Using my rugged Kyocera Brigadier on Verizon LTE, I found 1 Green Planet in Renton that would accept the old water heater for recycling for free. I had previously recycled appliances here and was roughly familiar with the location, but use the phone with Google Maps for precise direction. The truck lacks power steering and is manual, so its more to think about when driving. I then navigated to IKEA where I thought the styrene recycling was still operating, only to find a construction site. I used my mobile internet phone to locate the number for Styro-Recycle and found out over the phone by calling that they had moved 7 miles south into a new industrial park in Kent. I happily brought all the styrene there and returned home.

The installation required 2 more trips to our local McClendons hardware, where Steve the retired plumber gave me priceless installation help selecting the parts and pieces to get everything hooked up. I consulted with a family friend named Trapper, who is a natural gas pipe line installation expert before hooking up the gas. Meg helped me with the bubbles to leak test the pipe, I used Sector 5 thread sealer to make sure there were no leaks, everything was snug and tight. Lots of telflon tape, I went through 1 roll of 200inches hooking up all the purge valves, and on my second trip to the hardware store I picked up another roll, along with more pipes to move the hot and cold water to make the hookup easier. I spent a total of $238 on plumbing pipes and parts, and I am not completely done with the blow-off valve system, although the shark-bite fitting is already there waiting for the 3/4 inch copper pipe. I have all but a few copper corner fittings to finish that job soon. I even managed to snag a copper tube cutter from my dads old tool collection when visiting my mother.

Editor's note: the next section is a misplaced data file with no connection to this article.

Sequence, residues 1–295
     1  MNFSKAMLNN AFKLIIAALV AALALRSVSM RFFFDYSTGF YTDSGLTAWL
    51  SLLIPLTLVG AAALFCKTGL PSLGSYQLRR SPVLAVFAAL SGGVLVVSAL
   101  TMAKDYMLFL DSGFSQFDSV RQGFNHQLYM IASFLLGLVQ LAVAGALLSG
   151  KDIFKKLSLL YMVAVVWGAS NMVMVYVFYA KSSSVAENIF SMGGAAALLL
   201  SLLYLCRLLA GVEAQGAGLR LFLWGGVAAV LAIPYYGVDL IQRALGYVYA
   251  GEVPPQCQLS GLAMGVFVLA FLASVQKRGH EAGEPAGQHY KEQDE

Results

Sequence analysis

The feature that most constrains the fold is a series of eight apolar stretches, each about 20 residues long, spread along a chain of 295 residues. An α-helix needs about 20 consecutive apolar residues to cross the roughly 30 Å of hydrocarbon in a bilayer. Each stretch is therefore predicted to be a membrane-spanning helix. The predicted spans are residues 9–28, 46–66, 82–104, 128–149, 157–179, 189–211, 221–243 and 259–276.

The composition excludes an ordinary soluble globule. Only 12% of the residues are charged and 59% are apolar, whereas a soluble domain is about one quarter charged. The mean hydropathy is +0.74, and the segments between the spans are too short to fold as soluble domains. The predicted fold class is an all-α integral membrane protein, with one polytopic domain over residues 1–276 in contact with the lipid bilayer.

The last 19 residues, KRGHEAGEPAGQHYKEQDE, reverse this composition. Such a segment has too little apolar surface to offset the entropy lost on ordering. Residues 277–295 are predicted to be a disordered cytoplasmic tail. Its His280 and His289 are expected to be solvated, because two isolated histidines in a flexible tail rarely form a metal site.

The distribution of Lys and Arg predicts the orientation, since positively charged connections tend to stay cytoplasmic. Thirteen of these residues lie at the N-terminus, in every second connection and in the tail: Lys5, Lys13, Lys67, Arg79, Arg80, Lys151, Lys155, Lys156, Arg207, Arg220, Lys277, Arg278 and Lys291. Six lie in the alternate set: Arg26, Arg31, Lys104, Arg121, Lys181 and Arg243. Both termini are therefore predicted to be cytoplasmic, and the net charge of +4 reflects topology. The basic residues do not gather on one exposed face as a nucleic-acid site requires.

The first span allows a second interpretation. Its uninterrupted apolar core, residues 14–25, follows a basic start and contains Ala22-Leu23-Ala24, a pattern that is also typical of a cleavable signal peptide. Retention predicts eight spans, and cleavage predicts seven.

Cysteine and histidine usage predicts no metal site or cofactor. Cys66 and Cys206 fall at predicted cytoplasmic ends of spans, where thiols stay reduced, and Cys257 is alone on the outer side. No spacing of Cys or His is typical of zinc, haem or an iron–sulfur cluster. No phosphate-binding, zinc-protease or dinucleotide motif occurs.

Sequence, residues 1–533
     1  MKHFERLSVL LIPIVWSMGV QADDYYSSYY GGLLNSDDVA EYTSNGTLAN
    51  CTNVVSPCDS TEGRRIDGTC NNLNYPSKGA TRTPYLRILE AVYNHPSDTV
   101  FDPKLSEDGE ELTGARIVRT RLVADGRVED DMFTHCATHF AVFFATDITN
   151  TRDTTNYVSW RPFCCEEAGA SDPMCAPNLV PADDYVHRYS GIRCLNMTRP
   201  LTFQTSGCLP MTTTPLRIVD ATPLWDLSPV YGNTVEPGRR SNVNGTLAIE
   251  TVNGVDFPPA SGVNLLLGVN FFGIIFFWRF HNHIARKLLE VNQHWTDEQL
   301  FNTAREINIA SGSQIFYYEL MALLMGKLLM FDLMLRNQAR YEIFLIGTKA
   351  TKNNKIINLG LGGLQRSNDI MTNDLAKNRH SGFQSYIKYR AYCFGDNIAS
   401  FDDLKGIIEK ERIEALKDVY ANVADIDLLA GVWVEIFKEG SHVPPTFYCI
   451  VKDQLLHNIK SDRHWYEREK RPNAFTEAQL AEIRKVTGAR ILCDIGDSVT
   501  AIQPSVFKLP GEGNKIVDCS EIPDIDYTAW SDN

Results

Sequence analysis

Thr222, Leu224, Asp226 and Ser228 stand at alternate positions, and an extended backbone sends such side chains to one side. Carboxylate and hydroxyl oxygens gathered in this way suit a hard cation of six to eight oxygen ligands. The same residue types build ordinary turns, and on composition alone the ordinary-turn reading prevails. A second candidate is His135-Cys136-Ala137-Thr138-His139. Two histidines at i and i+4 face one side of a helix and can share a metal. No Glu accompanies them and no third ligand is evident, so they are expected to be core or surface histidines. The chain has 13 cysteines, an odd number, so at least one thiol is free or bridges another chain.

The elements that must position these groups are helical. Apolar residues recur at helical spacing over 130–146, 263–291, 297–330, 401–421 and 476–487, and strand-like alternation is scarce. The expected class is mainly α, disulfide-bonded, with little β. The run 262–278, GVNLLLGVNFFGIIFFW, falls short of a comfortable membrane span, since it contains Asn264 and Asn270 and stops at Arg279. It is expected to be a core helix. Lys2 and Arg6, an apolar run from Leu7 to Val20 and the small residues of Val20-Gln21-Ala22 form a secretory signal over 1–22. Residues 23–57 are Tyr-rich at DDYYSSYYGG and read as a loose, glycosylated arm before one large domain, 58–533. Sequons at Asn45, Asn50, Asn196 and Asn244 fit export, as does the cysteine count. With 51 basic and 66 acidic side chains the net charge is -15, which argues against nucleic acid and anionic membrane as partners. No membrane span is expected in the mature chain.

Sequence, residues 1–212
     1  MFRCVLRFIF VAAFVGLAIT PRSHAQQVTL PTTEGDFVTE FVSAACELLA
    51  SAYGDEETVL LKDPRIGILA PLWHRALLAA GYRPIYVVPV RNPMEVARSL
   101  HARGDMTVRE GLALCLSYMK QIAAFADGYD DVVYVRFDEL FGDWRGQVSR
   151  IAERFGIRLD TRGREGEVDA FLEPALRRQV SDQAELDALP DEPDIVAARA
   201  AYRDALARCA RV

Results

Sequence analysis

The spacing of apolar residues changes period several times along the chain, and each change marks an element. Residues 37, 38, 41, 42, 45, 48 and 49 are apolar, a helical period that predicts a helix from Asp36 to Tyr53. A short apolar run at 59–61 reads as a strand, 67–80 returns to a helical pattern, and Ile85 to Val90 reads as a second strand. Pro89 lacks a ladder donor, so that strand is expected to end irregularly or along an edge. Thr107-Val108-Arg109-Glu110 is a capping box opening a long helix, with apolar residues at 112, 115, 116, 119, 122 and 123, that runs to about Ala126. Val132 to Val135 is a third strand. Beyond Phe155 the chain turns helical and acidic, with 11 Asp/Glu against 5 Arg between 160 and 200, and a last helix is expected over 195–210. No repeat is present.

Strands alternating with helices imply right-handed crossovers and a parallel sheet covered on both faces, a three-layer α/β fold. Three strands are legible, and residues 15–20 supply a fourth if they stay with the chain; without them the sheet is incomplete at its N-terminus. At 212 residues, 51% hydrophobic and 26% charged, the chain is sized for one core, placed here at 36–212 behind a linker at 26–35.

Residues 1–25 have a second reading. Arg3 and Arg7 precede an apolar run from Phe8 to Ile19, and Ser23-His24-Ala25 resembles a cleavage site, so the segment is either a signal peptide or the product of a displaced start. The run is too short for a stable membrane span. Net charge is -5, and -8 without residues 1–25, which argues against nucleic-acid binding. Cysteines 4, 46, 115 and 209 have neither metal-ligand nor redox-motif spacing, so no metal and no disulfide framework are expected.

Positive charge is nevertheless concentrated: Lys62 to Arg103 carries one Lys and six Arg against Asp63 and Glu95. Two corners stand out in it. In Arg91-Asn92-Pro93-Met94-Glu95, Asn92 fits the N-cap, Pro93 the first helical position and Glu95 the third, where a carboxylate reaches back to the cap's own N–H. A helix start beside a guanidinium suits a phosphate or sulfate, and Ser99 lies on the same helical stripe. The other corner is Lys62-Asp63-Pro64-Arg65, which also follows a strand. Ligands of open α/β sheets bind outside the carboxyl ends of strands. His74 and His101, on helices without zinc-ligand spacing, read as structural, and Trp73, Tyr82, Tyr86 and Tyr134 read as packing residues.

I learned from the units owner manual and Steve the retired plumber that my swiss knife retrofit of the instant hots exhaust system into the galvanized system of the previous water heater is only temporary, as the exhaust volume from the new heater is significantly greater and hotter. Seems to be working ok for now. I have been monitoring it for a few days and the only thing I am going to do for now is make a better aluminum foil gasket for the adapted fitting connection, by adding more aluminum to make it a tighter fit to keep any exhaust gases from leaking back into the intake. In this picture you can see the aluminum foil gasket at the end of the galvanized 3in exhaust where it meets up with the bespoke exhaust system for the unit. I am going to paint that ugly white exhaust tube to match the body of the unit as well.

Beta Installation of the RL75iN